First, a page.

Father Capodanno Assembly 2413, K of C: Father Vincent R. Capodanno, MM

Catching the Spirit: Father Capadanno Foundation

Wikipedia: Vincent Robert Capodanno

Marine Corps Heritage Foundation

National Museum of the Marine Corps

Maryknoll Fathers and Brothers

"Keep the Fork"

This week's issue of the DeerLake Weekly Letter offered the following reflection: 

Promise of God: Keep the Fork

Armed Forces Medley for Armed Forces Day

As we observe Armed Forces Day, I offer this version of the Armed Forces Medley:

Here are the lyrics for the Armed Forces Medley:

(U.S. Army)
First to fight for the right,
And to build the Nation's might,
And The Army Goes Rolling Along
Proud of all we have done,
Fighting till the battle's won,
And the Army Goes Rolling Along
Then it's Hi! Hi! Hey!
The Army's on its way.
Shout out your numbers loud and strong
For where e'er we go,
You will always know
That the Army Goes Rolling Along.

(U.S. Marines)
From the Halls of Montezuma
To the shores of Tripoli,
We fight our country's battles
In the air, On the land and sea!
First to fight for right and freedom,
And to keep our honor clean,
We are proud to claim the title
Of United States Marine.

(U.S. Navy)
Anchor's aweigh, my boys, anchor's aweigh,
Farewell to college joys, we sail at break of day.
Through our last night on shore,
Drink to the foam until we meet once more,
here's wishing you a happy voyage home!

(U.S. Coast Guard)
So here's the Coast Guard marching song,
We sing on land or sea.
Through surf and storm and howling gale,
High shall our purpose be.
"Semper Paratus" is our guide,
Our fame, our glory too.
To fight to save or fight to die,
Aye! Coast Guard, we are for you!

(U.S. Air Force)
Off we go into the wild blue yonder,
Climbing high into the sun;
Here they come zooming to meet our thunder,
At 'em boys, Give 'er the gun! (Give 'er the gun now!)
Down we dive, spouting our flame from under,
Off with one helluva roar!
We live in fame or go down in flame. Hey!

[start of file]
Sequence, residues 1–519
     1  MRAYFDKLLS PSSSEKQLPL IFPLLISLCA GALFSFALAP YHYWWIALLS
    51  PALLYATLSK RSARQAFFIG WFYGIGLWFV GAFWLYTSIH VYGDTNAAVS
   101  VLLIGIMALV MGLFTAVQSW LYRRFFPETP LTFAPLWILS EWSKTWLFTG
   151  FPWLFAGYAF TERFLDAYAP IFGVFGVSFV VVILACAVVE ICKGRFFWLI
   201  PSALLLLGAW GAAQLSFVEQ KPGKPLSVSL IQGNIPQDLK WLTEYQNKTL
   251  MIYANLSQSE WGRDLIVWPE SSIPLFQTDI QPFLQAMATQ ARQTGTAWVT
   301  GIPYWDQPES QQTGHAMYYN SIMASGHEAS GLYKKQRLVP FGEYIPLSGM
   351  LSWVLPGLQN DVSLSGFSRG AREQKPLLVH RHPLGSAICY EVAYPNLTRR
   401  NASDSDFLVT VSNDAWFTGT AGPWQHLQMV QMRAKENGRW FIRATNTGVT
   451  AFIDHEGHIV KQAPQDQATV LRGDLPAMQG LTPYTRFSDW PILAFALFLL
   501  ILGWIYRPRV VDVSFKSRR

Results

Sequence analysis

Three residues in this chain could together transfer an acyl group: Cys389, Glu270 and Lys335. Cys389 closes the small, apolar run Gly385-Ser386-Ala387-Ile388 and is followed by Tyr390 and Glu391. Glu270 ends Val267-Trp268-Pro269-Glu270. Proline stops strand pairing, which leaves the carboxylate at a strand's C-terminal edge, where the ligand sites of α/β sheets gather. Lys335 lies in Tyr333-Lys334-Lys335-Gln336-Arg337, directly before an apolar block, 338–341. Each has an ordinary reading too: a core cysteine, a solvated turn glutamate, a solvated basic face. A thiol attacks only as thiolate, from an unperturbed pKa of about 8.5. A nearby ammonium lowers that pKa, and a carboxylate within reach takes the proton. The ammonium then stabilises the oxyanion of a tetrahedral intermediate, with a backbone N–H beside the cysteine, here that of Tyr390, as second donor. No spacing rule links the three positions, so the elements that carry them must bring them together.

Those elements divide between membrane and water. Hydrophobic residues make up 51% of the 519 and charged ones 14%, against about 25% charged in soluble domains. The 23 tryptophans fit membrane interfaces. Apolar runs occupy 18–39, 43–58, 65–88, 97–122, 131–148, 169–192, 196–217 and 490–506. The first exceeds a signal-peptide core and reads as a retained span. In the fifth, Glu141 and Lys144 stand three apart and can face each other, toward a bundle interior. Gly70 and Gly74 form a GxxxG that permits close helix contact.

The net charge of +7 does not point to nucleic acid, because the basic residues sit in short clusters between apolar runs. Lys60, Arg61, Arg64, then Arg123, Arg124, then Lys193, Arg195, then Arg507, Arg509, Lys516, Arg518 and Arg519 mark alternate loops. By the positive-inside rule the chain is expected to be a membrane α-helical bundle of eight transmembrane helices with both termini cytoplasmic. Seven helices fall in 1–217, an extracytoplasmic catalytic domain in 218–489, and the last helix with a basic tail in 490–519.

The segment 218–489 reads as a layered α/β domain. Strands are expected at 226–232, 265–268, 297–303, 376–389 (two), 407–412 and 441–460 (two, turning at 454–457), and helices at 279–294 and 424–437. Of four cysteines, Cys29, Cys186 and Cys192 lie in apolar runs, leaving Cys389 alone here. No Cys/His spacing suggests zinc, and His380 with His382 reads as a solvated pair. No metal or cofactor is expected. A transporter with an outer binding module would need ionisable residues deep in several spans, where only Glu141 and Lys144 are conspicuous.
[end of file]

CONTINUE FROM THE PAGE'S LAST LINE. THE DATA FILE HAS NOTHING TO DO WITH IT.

Nothing'll stop the U.S. Air Force.

Note: In some versions there are some minor changes.

Another note: apparently there is a Department of Defense Directive indicating the order in which the services are to be listed (U.S. Army, U.S. Marine Corps, U.S. Navy, U.S. Air Force, U.S. Coast Guard), many presentations (including National Memorial Day and Veterans Day observances) use a different order.

Armed Forces Day

Today (Saturday, 21 May) is Armed Forces Day, 2011. This year’s theme is “United in Strength”.


President Harry S Truman led the effort to establish a single holiday for citizens to come together and thank our military members for their patriotic service in support of our country.

On 31 August 1949, Secretary of Defense Louis Johnson announced the creation of an Armed Forces Day to replace separate Army, Navy, Marine Corps and Air Force Days. The single-day celebration stemmed from the unification of the Armed Forces under one department - the U.S. Department of Defense.

Presidential Proclamation: Armed Forces Day

NOAA Hurricane Outlook Indicates Above-normal Atlantic Season

The Atlantic basin is expected to see an above-normal hurricane season this year, according to the seasonal outlook issued by NOAA’s Climate Prediction Center (a division of the National Weather Service).

Across the entire Atlantic Basin for the six-month season, which begins 1 June, NOAA is predicting the following ranges this year:

  • 12 to 18 named storms (winds of 39 mph or higher), of which:
  • 6 to 10 could become hurricanes (winds of 74 mph or higher), including:
  • 3 to 6 major hurricanes (Category 3, 4 or 5; winds of 111 mph or higher).

Each of these ranges has a 70 percent likelihood, and indicate that activity will exceed the seasonal average of eleven named storms, six hurricanes and two major hurricanes.

“The United States was fortunate last year. Winds steered most of the season’s tropical storms and all hurricanes away from our coastlines,” said Jane Lubchenco, Ph.D., under secretary of commerce for oceans and atmosphere and NOAA administrator, in a prepared statement. “However we can’t count on luck to get us through this season. We need to be prepared, especially with this above-normal outlook.”

Climate factors considered for this outlook are:

  • The continuing high activity era. Since 1995, the tropical multi-decadal signal has brought ocean and atmospheric conditions conducive for development in sync, leading to more active Atlantic hurricane seasons.
  • Warm Atlantic Ocean water. Sea surface temperatures where storms often develop and move across the Atlantic are up to two degrees Fahrenheit warmer-than-average.
  • La Niña, which continues to weaken in the equatorial Pacific Ocean, is expected to dissipate later this month or in June, but its impacts such as reduced wind shear are expected to continue into the hurricane season.

NOAA’s seasonal hurricane outlook does not predict where and when any of these storms may hit. Landfall is dictated by weather patterns in place at the time the storm approaches. For each storm, NOAA’s National Hurricane Center forecasts how these weather patterns affect the storm track, intensity and landfall potential.